Bad Year for Wild Fire

We’ve already seen an over-abundance of area burned by wildland fires in the U.S. As bad as it’s been in the western states, it’s been even worse in Alaska. And Canada has, unfortunately, had to write a new record book.

Here’s the area burned (in millions of acres) for each year from 1960 through 2014, which does not include this year (data from NIFC, the National Interagency Fire Center):


It shows a significant upward trend over time; wildfire in the U.S. is getting worse.

But it doesn’t show this year, because the year isn’t over yet. NIFC does, however, provide data for year-to-date area burned, but only since 2005. Let’s add that to the graph:


It’s been pretty high this year, in fact we’ve already suffered more area burned that the whole-year average from 1960 through 2014.

If we compare the area burned before July 17 to that burned after, there are hints but no obvious relationship:


Linear fits (both parametric using least squares, and non-parametric using Theil-Sen) again show hints, but without a statistically significant relationship. I guess that’s to be expected when one only has data since 2005.

Any way you look at it, we can expect more wildfire this year. Not only California, but much of the west is under the thumb of drought. Probably worst is the fact that the snowpack in the west is tremendously low. Snowpack is a crucial source of water in western states, but it’s simply not there this year.

We can certainly expect this year to be a big wildfire season, possibly a record-setter (but prediction is hard, especially about the future). It will be (already has been) a severe strain on firefighters and resources, and a terrible drain on our economy because fighting so much wildfire costs money. And, even with the best — our firefighters — you can’t stop all wildfires from destroying homes and businesses, and taking lives. What’s the price tag on that?

15 responses to “Bad Year for Wild Fire

  1. Dick Veldkamp

    Is there an explanation for the fact that ‘acres burned’ goes down until 1985? I could imagine there is influence of better observation methods, improved fire control, or something like that?

    Or is this just a coincidence (i.e. not statistically significant) ?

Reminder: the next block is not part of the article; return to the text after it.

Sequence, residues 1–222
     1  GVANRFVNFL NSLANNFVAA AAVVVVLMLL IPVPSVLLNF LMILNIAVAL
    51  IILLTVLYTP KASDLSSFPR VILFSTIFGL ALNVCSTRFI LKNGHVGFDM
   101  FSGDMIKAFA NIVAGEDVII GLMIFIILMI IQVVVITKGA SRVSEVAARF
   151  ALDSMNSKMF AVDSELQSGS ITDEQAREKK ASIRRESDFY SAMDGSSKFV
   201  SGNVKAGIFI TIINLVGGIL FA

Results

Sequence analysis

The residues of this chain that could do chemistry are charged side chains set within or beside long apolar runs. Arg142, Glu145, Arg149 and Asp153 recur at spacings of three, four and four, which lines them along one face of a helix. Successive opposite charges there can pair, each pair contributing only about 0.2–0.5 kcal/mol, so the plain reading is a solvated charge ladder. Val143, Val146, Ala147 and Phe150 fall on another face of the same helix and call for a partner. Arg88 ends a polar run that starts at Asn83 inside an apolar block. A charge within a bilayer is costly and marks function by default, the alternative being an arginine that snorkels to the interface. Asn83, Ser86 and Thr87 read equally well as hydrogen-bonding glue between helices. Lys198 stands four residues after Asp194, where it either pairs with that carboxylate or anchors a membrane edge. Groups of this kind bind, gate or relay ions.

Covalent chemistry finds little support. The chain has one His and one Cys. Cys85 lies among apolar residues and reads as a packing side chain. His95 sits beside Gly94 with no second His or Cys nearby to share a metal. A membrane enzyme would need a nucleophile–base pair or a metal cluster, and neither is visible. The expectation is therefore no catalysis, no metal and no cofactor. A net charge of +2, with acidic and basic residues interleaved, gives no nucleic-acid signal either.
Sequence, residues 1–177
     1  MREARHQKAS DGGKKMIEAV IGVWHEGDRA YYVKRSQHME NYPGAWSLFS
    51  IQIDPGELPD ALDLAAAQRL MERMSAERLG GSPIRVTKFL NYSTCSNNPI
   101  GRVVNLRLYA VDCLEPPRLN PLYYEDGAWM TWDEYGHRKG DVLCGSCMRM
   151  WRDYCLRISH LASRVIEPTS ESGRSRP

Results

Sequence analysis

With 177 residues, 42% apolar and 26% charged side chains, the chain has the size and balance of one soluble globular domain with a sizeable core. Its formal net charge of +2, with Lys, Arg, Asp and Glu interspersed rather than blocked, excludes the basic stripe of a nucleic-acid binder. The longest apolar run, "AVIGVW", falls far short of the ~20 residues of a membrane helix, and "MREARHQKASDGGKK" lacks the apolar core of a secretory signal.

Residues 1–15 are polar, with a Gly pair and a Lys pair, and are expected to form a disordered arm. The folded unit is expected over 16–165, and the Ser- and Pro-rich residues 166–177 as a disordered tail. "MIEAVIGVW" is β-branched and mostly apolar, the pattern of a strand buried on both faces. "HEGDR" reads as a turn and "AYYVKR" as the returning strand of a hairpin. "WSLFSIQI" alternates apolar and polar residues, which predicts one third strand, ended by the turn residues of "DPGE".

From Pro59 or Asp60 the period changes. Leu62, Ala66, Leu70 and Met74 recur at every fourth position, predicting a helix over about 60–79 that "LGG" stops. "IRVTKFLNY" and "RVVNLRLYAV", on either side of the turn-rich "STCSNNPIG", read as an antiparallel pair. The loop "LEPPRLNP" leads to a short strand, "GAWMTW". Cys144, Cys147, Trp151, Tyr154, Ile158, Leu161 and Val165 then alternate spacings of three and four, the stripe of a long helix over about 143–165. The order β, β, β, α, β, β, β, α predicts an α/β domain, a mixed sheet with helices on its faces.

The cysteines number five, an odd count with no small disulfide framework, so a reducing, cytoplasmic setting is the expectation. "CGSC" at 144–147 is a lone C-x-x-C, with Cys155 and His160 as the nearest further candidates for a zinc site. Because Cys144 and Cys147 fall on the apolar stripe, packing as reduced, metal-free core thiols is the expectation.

[Response: Not statistically significant.]

    • Reading Tamino’s post I was going to make a point that is similar to the one that Dick raised, which is that the increase in wildfire burning occurs in the face of increased effectiveness of fire-fighting technology. One could probabaly assume that all other things being equal, the increase would actually be steeper without the impact of improved technologies/methodologies.

      At some point though in the warming of the planet the capacity of response to wildfire is likely to be overwhelmed.

  2. Horatio Algeranon

    “Emissions decreased with the global economic recession: 77% of the decrease 2007-2009 was due to decreased consumption and changes in the production structure of the US economy, with just 18% related to changes in the fuel mix of the energy sector…. changes in fuel mix—the primary means by which substitution of gas for coal affects emissions—have had a relatively minor role in the reduction of US CO2 emissions since 2007”

    Drivers of U.S. CO2 emissions 1997-2013. Available from:

  3. Besides tamino’s observation re. significance, these data do come with the following disclaimer:

    The National Interagency Coordination Center at NIFC compiles annual wildland fire statistics for federal and state agencies. This information is provided through Situation Reports, which have been in use for several decades. Prior to 1983, sources of these figures are not known, or cannot be confirmed, and were not derived from the current situation reporting process. As a result the figures above prior to 1983 shouldn’t be compared to later data. (

    It is possible this disclaimer should be published more saliently by the USFS. That said there is no evidence that there is a serious bias here.

    • Hmm. That raises the possibility of a reporting bias, though–from other reading, fire policy shifted gradually to allow fires to burn more often. If fires were deemed non-threatening, and were monitored only, would there be incident reports? Dunno, myself.

  4. Thanks, Tamino. I’d been wondering if we’d see a wildfire uptick, even dropping by the NFIC site a couple of times.

    I guess it’s appropriate that the early trend Dick comments on turns out not to be significant; there’s a mix of contradictory ‘forcings’, including climate, technological change in firefighting, and fire suppression policy (which changed markedly between, say, 1965 and 1990.)

  5. thefordprefect

    shouldn’t this be % of total fire risk area (excludes deserts, recently burnt etc) burning. Eventually with all scrub burnt the fire risk should be zero! Or is this just insignificant?

  6. Some docs that are worth a look.

    “Earth on Fire” (ABC, Catalyst production)